If Riesling was a musical instrument instead of a grape, it would be a flute. Capable of adapting to rhythms as varied as a captivating lullaby, a folk metal headbanger, a classic symphony or even an eerie tune, its distinctiveness doesn’t make it a tiny bit inflexible.
In Germany, both are often featured in legends. While flutes are the instrument of choice in many Singspiel or fantasy-inspired operas and fairy tales such as the Brother’s Grimm Pied Piper of Hamelin, Riesling is the grape that becomes a happily ever after in the hands of winemakers. Mozart’s The Magic Flute’s grandiosity is not without a wine match found in the rare and long lived bottles of aged Riesling that magically seem to turn into gold over the years. But across the wide array of songs that Riesling can embody, there’s also an enchanting allure in the youthful and the delicate.
Selbach Riesling Mosel QbA belongs to that second genre: more waltz than opera, light and gentle as elven steps on snow. It comes from the prestigious region named after the river that brings the land to life and it’s produced by a family with over 400 years of history in winemaking.
Aromas of nectarine and ripe lemon along with a minerality that evokes natural springs are summoned by swirling.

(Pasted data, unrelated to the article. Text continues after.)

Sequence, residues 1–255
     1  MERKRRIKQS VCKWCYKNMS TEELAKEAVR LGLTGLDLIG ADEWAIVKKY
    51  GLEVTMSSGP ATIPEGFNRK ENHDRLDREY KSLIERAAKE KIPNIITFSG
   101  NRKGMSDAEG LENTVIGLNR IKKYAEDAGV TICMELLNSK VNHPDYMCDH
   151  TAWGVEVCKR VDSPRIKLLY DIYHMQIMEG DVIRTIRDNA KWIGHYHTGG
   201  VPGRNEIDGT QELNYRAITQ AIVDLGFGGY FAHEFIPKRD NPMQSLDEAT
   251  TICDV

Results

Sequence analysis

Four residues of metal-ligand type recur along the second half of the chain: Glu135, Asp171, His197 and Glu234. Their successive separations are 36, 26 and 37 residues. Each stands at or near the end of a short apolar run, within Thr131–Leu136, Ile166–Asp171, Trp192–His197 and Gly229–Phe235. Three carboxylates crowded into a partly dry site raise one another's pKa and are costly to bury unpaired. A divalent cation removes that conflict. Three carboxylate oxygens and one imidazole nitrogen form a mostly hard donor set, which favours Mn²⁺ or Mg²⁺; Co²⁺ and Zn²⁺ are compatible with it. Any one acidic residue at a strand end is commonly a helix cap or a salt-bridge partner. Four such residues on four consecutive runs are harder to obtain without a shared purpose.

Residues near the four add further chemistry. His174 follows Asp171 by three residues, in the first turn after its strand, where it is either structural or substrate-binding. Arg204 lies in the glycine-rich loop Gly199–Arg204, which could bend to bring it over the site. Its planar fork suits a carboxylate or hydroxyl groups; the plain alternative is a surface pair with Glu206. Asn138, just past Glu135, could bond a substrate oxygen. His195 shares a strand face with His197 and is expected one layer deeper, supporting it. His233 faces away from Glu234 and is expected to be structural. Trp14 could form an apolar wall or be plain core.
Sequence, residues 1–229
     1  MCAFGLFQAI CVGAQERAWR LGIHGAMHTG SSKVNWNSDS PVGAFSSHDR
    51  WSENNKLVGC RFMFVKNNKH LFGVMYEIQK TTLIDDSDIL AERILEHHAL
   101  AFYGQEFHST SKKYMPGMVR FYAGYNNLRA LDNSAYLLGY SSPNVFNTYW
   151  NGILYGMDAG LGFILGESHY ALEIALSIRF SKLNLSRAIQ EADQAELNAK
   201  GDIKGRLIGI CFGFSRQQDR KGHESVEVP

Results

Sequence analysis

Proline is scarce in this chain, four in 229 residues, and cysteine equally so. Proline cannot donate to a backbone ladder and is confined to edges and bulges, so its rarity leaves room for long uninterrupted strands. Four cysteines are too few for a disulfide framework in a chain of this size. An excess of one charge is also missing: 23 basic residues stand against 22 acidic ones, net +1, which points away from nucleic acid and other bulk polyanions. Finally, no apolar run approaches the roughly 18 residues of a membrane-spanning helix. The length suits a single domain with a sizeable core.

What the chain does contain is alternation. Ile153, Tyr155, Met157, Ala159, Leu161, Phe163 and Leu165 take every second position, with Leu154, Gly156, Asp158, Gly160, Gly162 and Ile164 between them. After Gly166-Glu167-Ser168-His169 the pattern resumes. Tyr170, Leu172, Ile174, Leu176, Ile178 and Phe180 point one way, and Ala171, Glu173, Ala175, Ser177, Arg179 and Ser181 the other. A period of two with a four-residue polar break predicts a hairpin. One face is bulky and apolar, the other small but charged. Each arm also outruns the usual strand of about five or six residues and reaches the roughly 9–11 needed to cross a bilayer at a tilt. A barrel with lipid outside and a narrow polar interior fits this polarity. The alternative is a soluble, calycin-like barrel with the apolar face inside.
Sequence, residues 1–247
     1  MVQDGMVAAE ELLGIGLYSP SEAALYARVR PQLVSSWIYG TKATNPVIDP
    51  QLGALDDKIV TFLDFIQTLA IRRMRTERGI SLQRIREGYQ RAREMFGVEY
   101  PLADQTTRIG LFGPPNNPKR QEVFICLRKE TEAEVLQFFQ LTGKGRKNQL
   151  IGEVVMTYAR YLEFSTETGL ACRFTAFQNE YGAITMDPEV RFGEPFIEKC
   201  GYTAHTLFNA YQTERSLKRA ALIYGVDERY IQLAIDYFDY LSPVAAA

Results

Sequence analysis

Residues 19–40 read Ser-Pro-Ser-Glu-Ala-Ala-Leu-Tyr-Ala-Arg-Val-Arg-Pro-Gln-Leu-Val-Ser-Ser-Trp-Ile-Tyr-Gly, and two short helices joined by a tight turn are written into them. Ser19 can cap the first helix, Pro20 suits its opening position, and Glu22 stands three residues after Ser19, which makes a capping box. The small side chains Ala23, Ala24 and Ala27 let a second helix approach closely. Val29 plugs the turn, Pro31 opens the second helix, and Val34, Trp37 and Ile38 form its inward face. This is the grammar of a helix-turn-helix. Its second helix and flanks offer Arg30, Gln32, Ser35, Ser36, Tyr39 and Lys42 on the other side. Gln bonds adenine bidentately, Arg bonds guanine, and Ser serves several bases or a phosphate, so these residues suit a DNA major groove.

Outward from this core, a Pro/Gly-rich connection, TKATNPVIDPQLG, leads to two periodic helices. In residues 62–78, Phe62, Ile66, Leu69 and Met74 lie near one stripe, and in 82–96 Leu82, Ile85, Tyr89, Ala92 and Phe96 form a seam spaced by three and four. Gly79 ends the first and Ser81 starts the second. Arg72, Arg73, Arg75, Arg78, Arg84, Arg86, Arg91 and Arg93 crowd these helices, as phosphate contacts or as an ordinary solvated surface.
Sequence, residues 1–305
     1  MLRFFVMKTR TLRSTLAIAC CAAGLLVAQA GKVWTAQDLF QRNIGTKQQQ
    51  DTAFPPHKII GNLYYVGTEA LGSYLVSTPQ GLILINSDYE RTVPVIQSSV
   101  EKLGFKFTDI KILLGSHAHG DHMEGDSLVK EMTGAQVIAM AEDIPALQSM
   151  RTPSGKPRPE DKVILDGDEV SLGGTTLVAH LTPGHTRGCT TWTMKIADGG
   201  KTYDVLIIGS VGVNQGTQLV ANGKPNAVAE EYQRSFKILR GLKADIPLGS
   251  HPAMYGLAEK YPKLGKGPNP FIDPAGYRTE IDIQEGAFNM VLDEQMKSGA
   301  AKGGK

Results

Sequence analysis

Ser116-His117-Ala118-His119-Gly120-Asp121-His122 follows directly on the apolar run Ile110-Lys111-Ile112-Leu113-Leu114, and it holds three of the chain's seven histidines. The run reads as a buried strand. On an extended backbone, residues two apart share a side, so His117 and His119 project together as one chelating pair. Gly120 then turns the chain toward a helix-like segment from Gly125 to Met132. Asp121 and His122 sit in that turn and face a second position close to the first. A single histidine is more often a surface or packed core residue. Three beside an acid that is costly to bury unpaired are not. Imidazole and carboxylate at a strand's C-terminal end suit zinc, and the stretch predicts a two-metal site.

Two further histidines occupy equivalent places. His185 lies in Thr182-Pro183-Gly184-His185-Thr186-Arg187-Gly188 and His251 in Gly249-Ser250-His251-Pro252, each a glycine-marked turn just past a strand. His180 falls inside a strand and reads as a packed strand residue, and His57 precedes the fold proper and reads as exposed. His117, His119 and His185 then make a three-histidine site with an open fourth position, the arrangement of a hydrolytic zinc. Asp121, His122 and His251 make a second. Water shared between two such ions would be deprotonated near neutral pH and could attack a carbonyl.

On the palate the minerality evolves to river pebbles and eldelflowers appear. A subtle sweetness balances the moderate acidity and lingers just long enough to inspire you to take another sip.
With a coy ABV of just 10.5% it feels fresh and harmonious, a soothing and joyful melody meant to be enjoyed without overthinking.
Pair it with equally delicate dishes such as Lemon, Creme Fraiche & Mussel Courgette “Papardelle”, Sea Trout with Clams Recipe or if you really want something fantastic, try a Study of Shellfish Recipe by Neven Maguire.
Selbach Riesling Mosel QbA is available at O’Briens Wine at €14.95.
Gabriela’s passion for writing is only matched by her love for food and wine. Journalist, confectioner and sommelier, she fell in love with Ireland years ago and moved from Venezuela to Dublin in 2014.
Since then, she has written about and worked in the local food scene, and she’s determined to discover and share the different traditions, flavours and places that have led Irish food and drink to fascinate her.